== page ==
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When It Comes to Clothes, Amazon Is Not The First Choice For Online Shoppers


If you're buying something on the Internet, there is a good chance you're getting it from Amazon. A new poll by NPR and Marist College found a whopping 92 percent of online shoppers have made a purchase there. But they're not so interested in clothes and shoes. Only 20 percent of Amazon shoppers say they actually go to Amazon to buy their wardrobe. Julia Simon reports.

JULIA SIMON, BYLINE: New York is fashion central. Brands like H&M, Steve Madden, Levi's show off on flashing screens on Times Square. And these days, clothing and shoes are the top reasons people turn to e-commerce. But Amazon, the giant of e-commerce, is nowhere to be seen in Times Square. And our poll found even among Amazon shoppers, only a fifth say they rely on Amazon for clothes and shoes.

A block away in the fashion district, Didi Northway tells me she loves to buy clothes online. Recently she got a vintage blue and white polyester maxi dress on eBay. I ask her if she's ever bought clothes on Amazon.

DIDI NORTHWAY: Halloween costumes and T-shirts for my dogs.

SIMON: OK, T-shirts for your dogs and Halloween costumes.


SIMON: I guess that counts.

NORTHWAY: (Laughter).

SIMON: Then I ask her if she's bought shoes on Amazon. She says no.

But I should ask. Have you ever bought any shoes on zappos.com?

NORTHWAY: Oh, yes.

SIMON: Thing is, Zappos is owned by Amazon. And just like Zappos, Amazon owns clothing sites - Shopbop for women, East Dane for men. You might not know they're owned by Amazon, though. It's not conspicuous on the site. But Amazon has also created their own clothing labels which you can find on the site like Lark & Ro and Amazon Essentials.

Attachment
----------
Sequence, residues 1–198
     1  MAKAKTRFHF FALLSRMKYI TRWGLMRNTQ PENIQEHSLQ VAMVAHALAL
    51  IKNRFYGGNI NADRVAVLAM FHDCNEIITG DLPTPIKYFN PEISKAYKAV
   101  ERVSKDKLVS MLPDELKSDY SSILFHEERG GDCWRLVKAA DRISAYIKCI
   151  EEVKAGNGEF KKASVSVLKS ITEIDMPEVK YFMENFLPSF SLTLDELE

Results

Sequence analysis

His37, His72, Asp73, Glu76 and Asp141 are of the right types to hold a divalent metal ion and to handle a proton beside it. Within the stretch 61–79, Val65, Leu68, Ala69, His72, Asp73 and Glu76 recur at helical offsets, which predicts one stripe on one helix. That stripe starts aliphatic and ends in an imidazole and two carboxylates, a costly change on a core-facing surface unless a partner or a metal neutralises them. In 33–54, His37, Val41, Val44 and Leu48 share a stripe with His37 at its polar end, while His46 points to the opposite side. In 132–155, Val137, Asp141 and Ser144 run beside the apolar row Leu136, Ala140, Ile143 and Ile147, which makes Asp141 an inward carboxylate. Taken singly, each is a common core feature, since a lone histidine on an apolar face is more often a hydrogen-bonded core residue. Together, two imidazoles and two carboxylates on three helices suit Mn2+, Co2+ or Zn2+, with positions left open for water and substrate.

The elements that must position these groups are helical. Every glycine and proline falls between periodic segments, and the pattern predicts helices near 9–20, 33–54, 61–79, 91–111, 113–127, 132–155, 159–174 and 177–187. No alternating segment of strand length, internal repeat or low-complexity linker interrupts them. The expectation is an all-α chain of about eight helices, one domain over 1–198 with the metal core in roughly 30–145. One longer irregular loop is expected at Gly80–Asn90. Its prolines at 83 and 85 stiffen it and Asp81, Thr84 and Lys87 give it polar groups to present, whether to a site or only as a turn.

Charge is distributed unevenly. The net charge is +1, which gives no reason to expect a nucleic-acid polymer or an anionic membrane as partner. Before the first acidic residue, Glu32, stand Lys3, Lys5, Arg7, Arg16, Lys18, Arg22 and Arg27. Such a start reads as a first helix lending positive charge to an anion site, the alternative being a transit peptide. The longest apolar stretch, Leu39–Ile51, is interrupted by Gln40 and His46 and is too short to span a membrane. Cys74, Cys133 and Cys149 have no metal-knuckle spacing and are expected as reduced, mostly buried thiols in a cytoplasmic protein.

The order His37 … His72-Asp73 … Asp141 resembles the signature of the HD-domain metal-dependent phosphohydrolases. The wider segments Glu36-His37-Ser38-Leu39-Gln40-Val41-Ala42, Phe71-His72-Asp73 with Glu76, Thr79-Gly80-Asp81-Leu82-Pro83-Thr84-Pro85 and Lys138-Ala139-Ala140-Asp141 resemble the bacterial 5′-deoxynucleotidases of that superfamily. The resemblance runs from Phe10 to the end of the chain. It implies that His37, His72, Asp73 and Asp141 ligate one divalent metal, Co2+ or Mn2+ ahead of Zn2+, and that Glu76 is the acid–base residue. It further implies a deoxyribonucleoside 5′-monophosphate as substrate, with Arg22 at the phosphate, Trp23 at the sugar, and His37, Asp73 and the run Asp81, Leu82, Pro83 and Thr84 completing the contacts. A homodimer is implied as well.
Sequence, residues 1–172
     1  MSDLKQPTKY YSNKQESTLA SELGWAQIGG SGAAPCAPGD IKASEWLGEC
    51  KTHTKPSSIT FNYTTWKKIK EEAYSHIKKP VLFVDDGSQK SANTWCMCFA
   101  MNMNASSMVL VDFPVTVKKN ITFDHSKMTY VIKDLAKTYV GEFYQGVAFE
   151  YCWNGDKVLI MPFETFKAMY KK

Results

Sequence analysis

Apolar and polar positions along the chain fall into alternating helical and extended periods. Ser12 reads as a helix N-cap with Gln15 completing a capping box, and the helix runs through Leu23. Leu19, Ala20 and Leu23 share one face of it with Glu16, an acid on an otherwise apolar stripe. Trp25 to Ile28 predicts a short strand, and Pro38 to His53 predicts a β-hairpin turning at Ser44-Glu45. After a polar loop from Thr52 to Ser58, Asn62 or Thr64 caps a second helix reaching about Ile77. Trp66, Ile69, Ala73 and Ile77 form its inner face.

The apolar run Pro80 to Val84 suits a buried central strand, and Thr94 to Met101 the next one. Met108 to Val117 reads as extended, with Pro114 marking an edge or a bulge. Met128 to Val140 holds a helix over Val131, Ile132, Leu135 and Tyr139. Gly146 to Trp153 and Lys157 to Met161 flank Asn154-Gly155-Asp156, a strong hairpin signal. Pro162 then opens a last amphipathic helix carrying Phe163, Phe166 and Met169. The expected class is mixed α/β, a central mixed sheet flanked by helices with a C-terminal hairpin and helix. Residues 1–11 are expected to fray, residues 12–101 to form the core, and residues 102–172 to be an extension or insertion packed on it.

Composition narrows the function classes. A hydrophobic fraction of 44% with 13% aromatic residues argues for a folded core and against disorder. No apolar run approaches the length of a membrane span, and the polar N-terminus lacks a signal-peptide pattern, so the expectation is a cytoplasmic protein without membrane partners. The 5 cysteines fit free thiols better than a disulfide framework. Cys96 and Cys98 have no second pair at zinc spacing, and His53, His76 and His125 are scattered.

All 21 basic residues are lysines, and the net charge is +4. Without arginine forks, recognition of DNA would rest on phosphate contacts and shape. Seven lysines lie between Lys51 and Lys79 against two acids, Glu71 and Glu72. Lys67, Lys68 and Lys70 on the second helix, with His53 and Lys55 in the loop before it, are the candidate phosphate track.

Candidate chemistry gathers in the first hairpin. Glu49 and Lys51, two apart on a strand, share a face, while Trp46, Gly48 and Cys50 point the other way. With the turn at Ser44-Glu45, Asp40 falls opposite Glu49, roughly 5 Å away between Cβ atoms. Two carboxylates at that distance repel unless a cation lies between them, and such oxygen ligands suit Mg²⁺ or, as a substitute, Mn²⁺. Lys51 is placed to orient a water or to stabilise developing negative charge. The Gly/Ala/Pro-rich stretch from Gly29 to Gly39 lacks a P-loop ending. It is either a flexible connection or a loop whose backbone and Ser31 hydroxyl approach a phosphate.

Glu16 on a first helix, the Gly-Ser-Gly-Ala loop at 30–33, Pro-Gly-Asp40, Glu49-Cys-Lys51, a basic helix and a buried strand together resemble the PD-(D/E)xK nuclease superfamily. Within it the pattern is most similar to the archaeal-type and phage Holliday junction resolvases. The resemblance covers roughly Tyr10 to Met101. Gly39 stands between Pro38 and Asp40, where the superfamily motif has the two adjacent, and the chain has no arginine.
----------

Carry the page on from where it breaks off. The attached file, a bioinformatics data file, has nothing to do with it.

Shoppers are buying basics from Amazon - men's jeans, women's bras. They do pretty well. That's according to research firm One Click Retail. What's missing? Retail experts say some people aren't browsing Amazon for clothes. And people like to do that when it comes to fashion. Elaine Kwon used to work for Amazon Fashion but now runs an e-commerce management and software firm, ‎Kwontified.

ELAINE KWON: Amazon is a wonderful place to shop if you know what you want. It has an incredible search algorithm. And most customers do come to the platform already having an idea of what they're looking for. Now, where Amazon may not be as strong is in the browse experience. I would like to pose a question. How many times have you gone to amazon.com and scrolled to the left side of the navigation and hovered over departments?

SIMON: Never.


KWON: Exactly.

SIMON: She's talking about the clothing, shoes and jewelry section on Amazon, which I had never visited before. But you can find Lacoste dresses and Anne Klein shoes there. Amazon is going after fashion shoppers. Last summer, Amazon announced a new try-before-you-buy service similar to Stitch Fix or Trunk Club. It's a way for Prime users to regularly get outfits delivered and then decide if they want to keep them or return them.

But a year after announcing Amazon Prime Wardrobe, it's still not available for all Prime users. Amazon didn't comment for this story. And I should mention they're one of NPR's financial backers. And today, Amazon announced a separate new push into the fashion sector. The Echo Look is a new kind of smart camera which can take pictures of outfits and offer fashion advice. Amazon says the gadget is on sale now to the public for 200 bucks.

I asked Kwon if she's bought clothing on Amazon. She said she bought a bunch of white shirts from different companies, including Amazon, but she returned the shirt from Amazon. Julia Simon, NPR News. Transcript provided by NPR, Copyright NPR.

Julia Simon
Julia Simon is the Climate Solutions reporter on NPR's Climate Desk. She covers the ways governments, businesses, scientists and everyday people are working to reduce greenhouse gas emissions. She also works to hold corporations, and others, accountable for greenwashing.